Sharjah Animation Conference Explores Cross-cultural Collaboration Opportunities, Highlights New Prospects For The Middle East

Sharjah Animation Conference explores cross-cultural collaboration opportunities, highlights new prospects for the Middle East

Sharjah: (Pakistan Point News - 6 May, 2024)
A stimulating dialogue among broadcasters, producers, and distributors explored opportunities for collaboration across different cultures in the animation industry, with a specific focus on the prospects for Middle Eastern animation at the Sharjah Animation Conference (SAC), happening at Expo Centre Sharjah until May 5.
Titled “Cross-cultural collaboration: Shaping the future of Middle-Eastern animation” the panel discussion brought together the representatives of Rai Kids, Spacetoon, Banijay Kids & Family, and Hasbro They shared their experiences and visions, discussing the challenges and opportunities in working together to develop and distribute animated content that reflects the diversity and cultural identity of the region.

Olivier Dumont, President of Hasbro Entertainment, which has created multi-platform adaptations of the company’s priority brands such as Peppa Pig and My Little Pony, underlined that “it is in our DNA to co-produce in the world of animation”. He observed that everything they do in content needs to have a licensing and merchandising programme around it. According to him, they use data and insights in different ways; for digital content like YouTube series they use data a lot to look at the performance of the content while for linear content they use insights and research so that they are able to test things as they develop a project – the concept, the characters etc – and it helps not to make big mistakes.

“If the character is not resonating with the audience, we better know early on rather than after spending $10 million producing a season,” he revealed. He added that Peppa Pig is very successful with preschoolers because she gives them the confidence to take risks, to express their opinions, to be strong, and is therefore an aspirational character.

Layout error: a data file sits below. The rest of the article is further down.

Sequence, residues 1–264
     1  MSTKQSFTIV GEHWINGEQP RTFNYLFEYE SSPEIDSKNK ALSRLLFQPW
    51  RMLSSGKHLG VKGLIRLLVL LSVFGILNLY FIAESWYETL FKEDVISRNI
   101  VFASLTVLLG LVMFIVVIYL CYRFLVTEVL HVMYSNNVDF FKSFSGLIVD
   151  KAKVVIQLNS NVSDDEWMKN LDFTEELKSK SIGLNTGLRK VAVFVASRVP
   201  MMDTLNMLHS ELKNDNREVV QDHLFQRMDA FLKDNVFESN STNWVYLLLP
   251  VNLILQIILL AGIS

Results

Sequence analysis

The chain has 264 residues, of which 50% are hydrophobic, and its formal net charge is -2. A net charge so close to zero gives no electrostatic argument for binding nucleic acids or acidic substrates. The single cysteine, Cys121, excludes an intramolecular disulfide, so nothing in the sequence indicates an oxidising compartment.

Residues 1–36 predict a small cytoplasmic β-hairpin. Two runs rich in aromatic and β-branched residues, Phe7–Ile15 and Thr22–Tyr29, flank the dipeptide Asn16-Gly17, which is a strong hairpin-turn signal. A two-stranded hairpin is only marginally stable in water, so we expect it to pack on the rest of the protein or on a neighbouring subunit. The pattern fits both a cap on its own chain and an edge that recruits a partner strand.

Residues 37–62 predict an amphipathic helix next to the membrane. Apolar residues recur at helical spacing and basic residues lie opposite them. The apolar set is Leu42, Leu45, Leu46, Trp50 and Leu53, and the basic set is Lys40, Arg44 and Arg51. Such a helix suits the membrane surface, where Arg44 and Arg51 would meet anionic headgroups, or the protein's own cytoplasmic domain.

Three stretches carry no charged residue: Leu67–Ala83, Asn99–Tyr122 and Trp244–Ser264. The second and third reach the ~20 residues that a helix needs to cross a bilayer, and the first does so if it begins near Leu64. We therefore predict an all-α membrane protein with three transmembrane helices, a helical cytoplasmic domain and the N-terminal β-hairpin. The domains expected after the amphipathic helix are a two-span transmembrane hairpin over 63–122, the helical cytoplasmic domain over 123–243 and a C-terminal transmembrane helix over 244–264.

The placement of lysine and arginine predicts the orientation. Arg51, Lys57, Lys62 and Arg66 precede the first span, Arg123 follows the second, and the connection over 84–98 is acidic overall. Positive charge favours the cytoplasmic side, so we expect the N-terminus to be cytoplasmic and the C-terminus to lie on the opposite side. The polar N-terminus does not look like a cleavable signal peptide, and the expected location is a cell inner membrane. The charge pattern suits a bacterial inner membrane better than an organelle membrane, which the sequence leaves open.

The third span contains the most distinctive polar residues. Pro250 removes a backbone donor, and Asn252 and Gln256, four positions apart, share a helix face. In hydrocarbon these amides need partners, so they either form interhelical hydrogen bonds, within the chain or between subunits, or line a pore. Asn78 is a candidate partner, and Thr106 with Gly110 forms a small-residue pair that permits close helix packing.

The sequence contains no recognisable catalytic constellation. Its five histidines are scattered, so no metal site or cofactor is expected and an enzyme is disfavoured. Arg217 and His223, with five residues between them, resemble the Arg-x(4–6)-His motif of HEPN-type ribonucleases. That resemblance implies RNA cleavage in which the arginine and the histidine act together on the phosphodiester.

Benoit Di Sabatino, CEO of Banijay Kids & Family, who has over 30 years of experience in the children’s entertainment industry and was behind successful projects like Casper and Yellow Yeti, noted that coproduction is an interesting way to approach different cultures.

“For me, cultural appropriation is very important. Now that the culture is global, our responsibility as producers is to ensure that we are not speaking for others.” He said it was important to remember that AI is a tool for creators and not for creations, and at Banijay, which believes in 120% of being creation and creators, they aim to respect that.
Luca Milano, manager at RAI Radiotelevisione Italiana, the Italian public broadcaster, said that for animation, there is great space for co-production as the language and interests of kids are similar than in other genres.

We want to create a line of communication, collaboration, and distribution directly with the public and locally with schools and other institutions working for kids, he added. “What we think is important is to keep a plurality of production, and after the arrival of platforms like Netflix, there is a more decentralised way of production now.”
Shinichiro Inoue, Senior Advisor and Executive Fellow of Kadokawa and Vice President of the Anime Tourism Association of Japan, remembered how in 1976 the publishing company Kadokawa became involved in the adaptation of a mystery novel into a live action movie.

Since then, the company has seen many co-productions in Japan and internationally; it adapts many manga and other light novels. “Anime has become more popular abroad, and so there is an increase in collaborations. The charm of anime is that you can’t say what nationality the characters are,” he said. The decline in the labour force in Japan has meant more international collaborations.
Kamel Weiss, the Director of Strategy Business Development Business & Content Director, Spacetoon, pointed out that they were always looking for different partners to co-produce with.

He pointed out: “As a broadcaster, we produce a lot of content with a lot of acquisition, but in a way, we can maintain the sustainability of production.”
He added that when they bring shows from outside the region, they try to culturalise or bring a cultural sensitivity into it to make it relevant. For instance, songs are very important in the Middle Eastern region. The narrative is changing in the kids’ industry, he noted.

Hence, Spacetoon tries to put messages relating to family values, loving one’s family and also 21st century skills that are not taught in schools in its shows.
Organised by the Sharjah Book Authority (SBA), SAC has emerged as a pioneering platform in the UAE and the world for animation enthusiasts, providing a platform for industry luminaries, aspiring artists, and creatives to converge, exchange ideas, and create meaningful connections.